Algae Bloom

Algae Bloom 

Harmful algal blooms occur when normally occurring cyanobacteria in the water multiply quickly to form visible colonies or blooms. These blooms sometimes produce potent cyanotoxins that pose serious health risks to humans and animals.

Although most algal blooms are not toxic, some types of cyanobacteria produce nerve or liver toxins. Toxicity is hard to predict in part because a single species of algae can have both toxic and non-toxic strains, and a bloom that tests nontoxic one day can be toxic the next.

Updates about the Algae Bloom

***Utah Department of Environmental Quality 24-hour line for reporting a harmful algal bloom (HAB): 801-536-4123***

Current satellite imagery of Utah Lake indicates that the 2018 harmful algal bloom (HAB) has expanded lake-wide. Based on this imagery and monitoring by the Utah Division of Water Quality, the Utah County Health Department has issued a Warning Advisory for all of Utah Lake.

What does this mean for Salt Lake City and the rest of Salt Lake County?

Because the Jordan River flows from Utah Lake, the Salt Lake City Department of Public Utilities continues to monitor the River at Turner Dam and in the East Jordan Canal and the Jordan & Salt Lake Canal. Results from samples collected on Friday, August 3,, 2018 were “non-detect” or significantly below the human-based health threshold as established by the Utah Department of Health and Utah Department of Environmental Quality.

These locations were again sampled on Friday, August 10. We sampled these locations today, Friday August 10, 2018. Test strip analysis for the samples were all Non-Detect (ND) for cyanotoxins. The samples will also be analyzed at the Utah State Health Lab. Results should be available Monday, August 13.

In addition to the monitoring Salt Lake City Public Utilities performs, we will continue to coordinate and collaborate with the Salt Lake County Health Department (SLCo Health) and Utah Division of Water Quality (DWQ). Currently, SLCo Health monitors the Jordan River at the Narrows, Blackridge Reservoir, and Wheeler Farm every Tuesday. The Utah DWQ monitors Utah Lake and we are updated with their data and assessment. Also, we continuously watch for updates and changes of results from DWQ water quality data buoys on Utah Lake.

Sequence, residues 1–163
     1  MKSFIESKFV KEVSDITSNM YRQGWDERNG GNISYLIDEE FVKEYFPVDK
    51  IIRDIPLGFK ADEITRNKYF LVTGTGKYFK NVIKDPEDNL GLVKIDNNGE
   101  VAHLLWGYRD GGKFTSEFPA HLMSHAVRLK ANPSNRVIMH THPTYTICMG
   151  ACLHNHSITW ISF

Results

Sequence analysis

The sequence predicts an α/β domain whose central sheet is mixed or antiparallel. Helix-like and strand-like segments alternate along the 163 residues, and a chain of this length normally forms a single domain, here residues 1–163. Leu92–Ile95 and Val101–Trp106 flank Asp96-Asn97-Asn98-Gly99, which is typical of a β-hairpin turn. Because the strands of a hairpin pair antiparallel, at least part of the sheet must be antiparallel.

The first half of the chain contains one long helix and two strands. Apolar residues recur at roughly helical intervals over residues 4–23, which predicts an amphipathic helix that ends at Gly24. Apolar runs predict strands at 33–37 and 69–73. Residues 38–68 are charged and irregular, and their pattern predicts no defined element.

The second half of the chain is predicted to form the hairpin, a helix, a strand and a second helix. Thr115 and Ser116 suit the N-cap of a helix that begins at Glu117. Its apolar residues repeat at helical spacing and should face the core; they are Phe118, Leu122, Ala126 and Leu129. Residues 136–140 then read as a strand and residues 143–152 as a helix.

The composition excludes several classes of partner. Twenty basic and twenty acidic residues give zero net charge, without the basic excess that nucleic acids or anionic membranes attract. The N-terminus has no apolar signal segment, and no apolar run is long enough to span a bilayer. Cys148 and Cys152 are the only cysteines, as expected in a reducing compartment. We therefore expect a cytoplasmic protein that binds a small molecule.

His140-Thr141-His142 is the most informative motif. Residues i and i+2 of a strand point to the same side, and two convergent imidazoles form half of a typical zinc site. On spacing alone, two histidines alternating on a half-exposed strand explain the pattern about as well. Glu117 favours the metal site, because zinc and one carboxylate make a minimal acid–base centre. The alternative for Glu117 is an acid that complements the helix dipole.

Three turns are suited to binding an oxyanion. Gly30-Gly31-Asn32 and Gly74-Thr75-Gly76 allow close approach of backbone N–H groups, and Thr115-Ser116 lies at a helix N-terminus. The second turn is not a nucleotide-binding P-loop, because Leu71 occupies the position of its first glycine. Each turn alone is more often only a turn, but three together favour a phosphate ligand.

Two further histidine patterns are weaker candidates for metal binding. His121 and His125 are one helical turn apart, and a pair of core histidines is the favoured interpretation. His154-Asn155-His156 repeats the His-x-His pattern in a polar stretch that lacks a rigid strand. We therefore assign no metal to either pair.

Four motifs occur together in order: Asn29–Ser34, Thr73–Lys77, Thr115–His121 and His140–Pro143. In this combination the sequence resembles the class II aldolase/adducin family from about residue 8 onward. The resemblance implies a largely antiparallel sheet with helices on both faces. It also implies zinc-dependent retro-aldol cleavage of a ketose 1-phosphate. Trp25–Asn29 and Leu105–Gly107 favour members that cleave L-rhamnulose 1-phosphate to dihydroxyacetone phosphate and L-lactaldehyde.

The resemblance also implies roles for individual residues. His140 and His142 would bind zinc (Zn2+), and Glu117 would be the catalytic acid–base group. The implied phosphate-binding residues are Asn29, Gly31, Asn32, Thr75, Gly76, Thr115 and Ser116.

As we continue to monitor the situation, we will coordinate with SLCo Health and assess increased sampling frequency. We have on-hand cyanotoxin sampling test strips, which provide results typically within one to two hours, and two local analytical labs (Utah Health Lab and Utah Department of Agriculture), which can provide results within one to two days.

As for Salt Lake County, there are currently no HAB advisories posted anywhere in the county.

  • The Utah Lake bloom may impact Salt Lake County in coming days or weeks; Salt Lake City Public Utilities and Salt Lake County Health Department are regularly monitoring multiple points in the County.
  • Blooms have been found and are being monitored by authorities on water bodies throughout Utah. The most up-to-date information about blooms anywhere in the state is at the Department of Environmental Quality’s HABs website:
  • The Salt Lake County Health Department advises the following actions if you suspect a harmful algae bloom has formed somewhere:
    1. Avoid contact with the suspected bloom
    2. Keep pets and livestock away from the suspected bloom
    3. Report the location of the suspected bloom to 801-536-4123
  • Even with no algae present, you should never drink untreated surface water and should avoid getting it in your mouth.

It should be noted that avian botulism, which is not related to HABs, is a disease that impacts birds, often fatal.  If you have questions or concerns related to avian botulism please contact the USFS or DNR.

Additional information on HABs and related materials can be found here:

Utah County Alerts

To sign up for updates: go to and create an account. Select contact methods. Create profile, select location. Choose alert subscription “Utah Lake” under “Utah County Alerts.”

For more information, visit:

Utah Department of Environmental Quality


                Utah Department of Health